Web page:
How to entice second and third shift employees (hint, it's not money)

By Anna Haney

Employee retention is an important endeavor for any manufacturer – heck, any employer really – and lowering the turnover rate is a significant step in the right direction. When it comes to second or third shift employees, it’s often even harder to incentivize them to stay. Working non-normal hours can be difficult for employees with families or any extenuating circumstance.

It’s important to keep in mind that the core of employee retention revolves around making sure your employees are happy and feel fulfilled in their job. While some people enjoy and even prefer working at night, the majority of employees do not.

Why do employees work second and third shift? Well, we know it’s not money. According to a study by the Harvard Business Review of over 15,000 employees, the correlation between employee satisfaction and pay is extremely low. More often, employee satisfaction is based on enjoyment, learning or personal growth and therefore, it’s important to offer your night shift workers other types of incentives.


Build a sense of community

Make sure that your second and third shift employees don’t feel second rate. By employing the same standards, offerings, and perks that day shift employees have, night shifters can feel like they are a full-vested part of the team. Give your employees a sense of commonality and community between all shifts – after all, you’re all one big family.

Provide transparency of company milestones

Working together to accomplish a common goal is often a motivator for large groups of people, and employment is no different. Being transparent with your second and third shift (and all shifts for that matter) as to the goals or milestones you wish to achieve each shift, week, quarter, etc. can help drive work ethic – especially if it’s absolutely clear what each employee is doing to contribute to the overall success.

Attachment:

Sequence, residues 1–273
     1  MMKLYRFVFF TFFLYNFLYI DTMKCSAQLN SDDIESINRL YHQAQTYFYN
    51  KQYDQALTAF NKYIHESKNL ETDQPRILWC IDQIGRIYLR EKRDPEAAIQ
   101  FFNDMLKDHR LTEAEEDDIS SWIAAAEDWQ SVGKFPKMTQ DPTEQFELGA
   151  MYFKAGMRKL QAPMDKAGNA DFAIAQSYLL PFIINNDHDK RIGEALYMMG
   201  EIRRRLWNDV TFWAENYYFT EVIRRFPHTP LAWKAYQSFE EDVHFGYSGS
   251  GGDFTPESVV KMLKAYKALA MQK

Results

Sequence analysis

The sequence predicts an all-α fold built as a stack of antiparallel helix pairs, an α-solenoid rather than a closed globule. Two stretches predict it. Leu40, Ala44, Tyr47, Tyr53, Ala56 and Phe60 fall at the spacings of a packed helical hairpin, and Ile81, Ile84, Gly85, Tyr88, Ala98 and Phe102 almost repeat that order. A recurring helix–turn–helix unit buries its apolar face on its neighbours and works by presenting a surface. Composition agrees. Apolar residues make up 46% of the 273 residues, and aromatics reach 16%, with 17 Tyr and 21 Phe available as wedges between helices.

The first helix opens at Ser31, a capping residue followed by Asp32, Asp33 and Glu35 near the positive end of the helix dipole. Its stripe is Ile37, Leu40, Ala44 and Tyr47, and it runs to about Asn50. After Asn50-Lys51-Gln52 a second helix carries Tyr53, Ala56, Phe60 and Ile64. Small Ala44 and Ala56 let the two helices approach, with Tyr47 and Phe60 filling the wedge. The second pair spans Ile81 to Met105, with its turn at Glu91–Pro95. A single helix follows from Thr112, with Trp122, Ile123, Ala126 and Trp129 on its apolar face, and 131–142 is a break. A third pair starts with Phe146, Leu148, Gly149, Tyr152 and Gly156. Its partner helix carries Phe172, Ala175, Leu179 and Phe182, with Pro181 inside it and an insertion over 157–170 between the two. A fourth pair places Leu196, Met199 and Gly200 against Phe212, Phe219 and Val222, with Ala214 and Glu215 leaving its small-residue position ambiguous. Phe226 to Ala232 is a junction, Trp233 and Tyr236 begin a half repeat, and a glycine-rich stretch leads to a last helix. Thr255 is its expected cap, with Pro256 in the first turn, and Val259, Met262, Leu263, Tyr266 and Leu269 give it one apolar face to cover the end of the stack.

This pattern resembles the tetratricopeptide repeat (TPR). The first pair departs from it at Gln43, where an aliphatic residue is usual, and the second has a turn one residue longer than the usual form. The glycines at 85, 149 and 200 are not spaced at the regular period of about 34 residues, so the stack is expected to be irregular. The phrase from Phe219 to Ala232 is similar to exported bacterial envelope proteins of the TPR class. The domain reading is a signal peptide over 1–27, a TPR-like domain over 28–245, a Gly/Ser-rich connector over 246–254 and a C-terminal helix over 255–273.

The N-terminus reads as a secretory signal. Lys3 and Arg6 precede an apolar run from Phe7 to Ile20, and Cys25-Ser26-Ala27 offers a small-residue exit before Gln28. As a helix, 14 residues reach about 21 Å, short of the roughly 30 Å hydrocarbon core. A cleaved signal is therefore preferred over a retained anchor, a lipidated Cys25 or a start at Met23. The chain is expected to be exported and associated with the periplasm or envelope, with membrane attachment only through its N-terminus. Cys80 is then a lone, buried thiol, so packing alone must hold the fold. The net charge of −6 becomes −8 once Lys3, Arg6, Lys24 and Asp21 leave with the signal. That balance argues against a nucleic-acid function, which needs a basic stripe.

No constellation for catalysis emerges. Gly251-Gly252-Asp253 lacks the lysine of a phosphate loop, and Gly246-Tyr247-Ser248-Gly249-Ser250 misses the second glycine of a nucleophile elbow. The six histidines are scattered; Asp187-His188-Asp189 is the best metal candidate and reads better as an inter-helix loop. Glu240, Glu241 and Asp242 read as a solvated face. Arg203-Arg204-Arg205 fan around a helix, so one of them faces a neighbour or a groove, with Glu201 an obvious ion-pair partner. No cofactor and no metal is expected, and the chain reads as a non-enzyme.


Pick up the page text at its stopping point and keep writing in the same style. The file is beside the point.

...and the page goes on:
Consider putting up digital displays around the floor, break room, or entrance and exits to locker rooms with information on the goal, and what each shift has contributed to that shift.

Understand work-life balance

A hot topic of today, work-life balance is increasingly important with the penetration of millennials into the workforce, and employers need to be aware of this. Offering flexibility to employees in the form of flexible scheduling, breaks, and shift-swapping can help; however, offering compassion when unexpected things come up can often be one of the best ways to show that you understand work-life balance. (Now, we’re not saying you have to be this guy, but a little compassion goes a long way.)

Offer on-site services

As an added bonus, if you can provide on-site childcare or an athletic center, employees can utilize these benefits and feel a better sense of community and understanding from the company they work for. For second and third shift employees, that means opening up the possibility of having overnight daycare facilities for parents that don’t have anyone to stay at home while they work.

Offering an athletic center or gym in your facility can open employees up to the possibility to work on personal growth during their breaks, which only further increases a sense of fulfillment in their lives.


In an ever-changing work landscape, it’s important to keep up productivity in your facility, and employee retention is a large portion of that effort. While offering your second and third shift employees a pay-increase can help fill those job openings, the perceived benefit an employee receives while working goes a lot farther towards a happier and long-term employee.

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